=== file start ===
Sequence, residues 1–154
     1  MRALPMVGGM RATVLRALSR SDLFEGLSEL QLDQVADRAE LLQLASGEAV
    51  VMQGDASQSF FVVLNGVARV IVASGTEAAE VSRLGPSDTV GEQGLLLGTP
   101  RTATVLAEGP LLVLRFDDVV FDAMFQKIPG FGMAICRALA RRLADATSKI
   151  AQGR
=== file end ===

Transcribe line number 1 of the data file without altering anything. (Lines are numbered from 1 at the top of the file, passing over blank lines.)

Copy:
Sequence, residues 1–154